For those who embrace the elements of the season, there’s a bright side — or two — to this bright, balmy side of winter.
“One thing that’s good from the resort standpoint is at least the heating costs are down,” said Mark Kavanaugh of Kavanaugh’s Resort in East Gull Lake.
Pat Arndt, Minnesota state parks planning and public affairs manager, also sees a silver lining.
“In some ways (there is a bright side). People are getting out and hiking more,” Arndt said of events at Minnesota state parks this winter. “It’s a simple thing to do (as opposed to cross-country skiing and snowshoeing).”
During National Winter Trails Day last weekend, the usually popular candlelight cross-country ski and snowshoe outing at Itasca State Park was changed to a candlelight hike, yet still drew about 70 participants, Arndt said. And slightly closer to home, Mille Lacs Kathio State Park, known for its winter to-dos, has mostly modified events because of poor snow conditions.
Outside the state parks, those snow deficiencies are a bit more serious, though. While Kavanaugh may be saving on heat at the resort, reservations have cooled.
“We’ve operated without snow before,” he said. “We’ve got a kind of a clientele (of regulars). And we get a lot of women’s groups (in the winter). But to have a real good year you have to have snow. There’s no getting around it.”
Kavanaugh is also president of the Crow Wing County Snowmobile Trails Association and an avid snowmobiler, and the effects on the popular recreation in the area and beyond are obvious.
“We had a monthly meeting last night (Tuesday) and it was a pretty gloomy room,” Kavanaugh said. “They’re not only guys who like to go snowmobiling. They do all the grooming and all of that. That’s their hobby. If they’re just sitting there and looking at the trails and can’t go out on them.”
Still, Kavanaugh is expecting the usual 125 or so attendees for Sunday’s 15th annual fund-raiser at the Old Waterfall on Highway 371 north of Brainerd. A buffet dinner ($15 per person) is scheduled to start at 1 p.m., with raffle drawings — the real draw of the event, Kavanaugh said — starting at 3 p.m. The grand prize is a 2012 Arctic Cat F570 snowmobile, first prize a 2011 Arctic Cat 450XC ATV and second prize an Aluma 8610T snowmobile trailer, with 50 other prizes donated by area businesses. The goal of the event is to raise $30,000 through the raffles and sponsorships for the association’s grooming efforts.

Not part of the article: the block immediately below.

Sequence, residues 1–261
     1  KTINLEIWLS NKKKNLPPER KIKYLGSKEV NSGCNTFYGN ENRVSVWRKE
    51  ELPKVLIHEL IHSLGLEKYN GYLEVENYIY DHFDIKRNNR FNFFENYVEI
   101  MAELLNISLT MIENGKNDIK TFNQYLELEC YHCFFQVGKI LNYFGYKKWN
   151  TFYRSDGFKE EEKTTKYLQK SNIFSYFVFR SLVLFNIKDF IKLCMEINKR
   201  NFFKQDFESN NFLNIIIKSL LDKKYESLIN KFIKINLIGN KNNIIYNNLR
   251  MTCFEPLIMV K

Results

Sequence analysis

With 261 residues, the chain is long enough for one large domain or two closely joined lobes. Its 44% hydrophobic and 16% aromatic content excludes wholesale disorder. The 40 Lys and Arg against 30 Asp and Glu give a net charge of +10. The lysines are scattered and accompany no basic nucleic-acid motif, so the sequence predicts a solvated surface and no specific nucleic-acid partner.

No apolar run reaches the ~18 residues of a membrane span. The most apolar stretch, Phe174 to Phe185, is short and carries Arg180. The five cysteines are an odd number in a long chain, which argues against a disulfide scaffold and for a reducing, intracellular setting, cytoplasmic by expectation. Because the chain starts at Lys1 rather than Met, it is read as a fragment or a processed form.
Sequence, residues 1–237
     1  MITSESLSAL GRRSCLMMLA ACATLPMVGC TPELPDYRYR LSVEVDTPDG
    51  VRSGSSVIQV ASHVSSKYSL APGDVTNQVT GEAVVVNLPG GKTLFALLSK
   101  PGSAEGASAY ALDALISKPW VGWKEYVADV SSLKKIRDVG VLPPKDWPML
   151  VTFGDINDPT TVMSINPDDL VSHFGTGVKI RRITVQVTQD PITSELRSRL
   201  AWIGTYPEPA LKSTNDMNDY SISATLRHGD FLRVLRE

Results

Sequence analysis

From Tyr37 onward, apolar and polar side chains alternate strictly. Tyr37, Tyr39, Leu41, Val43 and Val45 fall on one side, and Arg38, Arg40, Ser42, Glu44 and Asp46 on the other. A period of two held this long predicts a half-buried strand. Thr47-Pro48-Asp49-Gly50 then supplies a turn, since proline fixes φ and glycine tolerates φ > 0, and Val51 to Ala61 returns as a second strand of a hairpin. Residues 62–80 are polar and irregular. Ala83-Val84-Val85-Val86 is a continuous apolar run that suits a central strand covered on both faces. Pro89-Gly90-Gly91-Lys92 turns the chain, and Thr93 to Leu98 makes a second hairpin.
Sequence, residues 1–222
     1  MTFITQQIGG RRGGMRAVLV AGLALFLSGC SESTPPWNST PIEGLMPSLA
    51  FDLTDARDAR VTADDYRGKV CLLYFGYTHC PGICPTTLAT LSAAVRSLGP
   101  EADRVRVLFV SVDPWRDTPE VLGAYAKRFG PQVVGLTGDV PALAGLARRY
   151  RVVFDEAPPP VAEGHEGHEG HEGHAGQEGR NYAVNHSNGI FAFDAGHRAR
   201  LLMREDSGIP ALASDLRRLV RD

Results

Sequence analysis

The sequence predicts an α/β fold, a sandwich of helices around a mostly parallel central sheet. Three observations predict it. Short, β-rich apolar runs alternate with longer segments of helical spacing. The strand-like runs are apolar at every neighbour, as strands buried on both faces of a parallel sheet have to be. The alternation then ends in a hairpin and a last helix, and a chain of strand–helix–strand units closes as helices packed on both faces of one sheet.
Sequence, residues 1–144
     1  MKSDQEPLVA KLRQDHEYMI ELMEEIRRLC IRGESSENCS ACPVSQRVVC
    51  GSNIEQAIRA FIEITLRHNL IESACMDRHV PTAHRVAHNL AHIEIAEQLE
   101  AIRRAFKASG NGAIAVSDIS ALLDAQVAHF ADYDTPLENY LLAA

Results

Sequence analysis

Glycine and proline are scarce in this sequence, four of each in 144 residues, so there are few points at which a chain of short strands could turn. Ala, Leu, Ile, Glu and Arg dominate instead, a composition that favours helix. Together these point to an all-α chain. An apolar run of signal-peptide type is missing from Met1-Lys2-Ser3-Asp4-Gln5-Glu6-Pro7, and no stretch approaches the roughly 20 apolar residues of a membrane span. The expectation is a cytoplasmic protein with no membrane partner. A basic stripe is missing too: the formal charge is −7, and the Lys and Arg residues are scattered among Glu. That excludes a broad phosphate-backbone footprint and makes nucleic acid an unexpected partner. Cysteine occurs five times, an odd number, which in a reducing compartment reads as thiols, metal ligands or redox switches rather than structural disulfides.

“Last year a lot of people rode (snowmobiles) up. This year they’ll have to drive (their automobiles),” Kavanaugh said. “But we’re expecting the same number of people (as last year). People in the clubs are diehards and stick with the sport no matter what.”
Kavanaugh said ice conditions are mediocre near Kavanaugh’s on Lake Sylvan — 10 to 15 inches of ice in places, he said. And just down the road at Gull Lake, the annual Brainerd Jaycees $150,000 Ice Fishing Extravaganza on Thursday was postponed from Jan. 21 to Feb. 11.
“We had a vehicle go through Sylvan over New Year’s,” Kavanaugh said. “It’s the first time in our 43 years that we can ever remember any kind of vehicle going through the ice. There’s only eight to 10 inches in front of the resort. There are (ice fishing) houses all over. But I’ve only seen one or two automobiles driving out there.”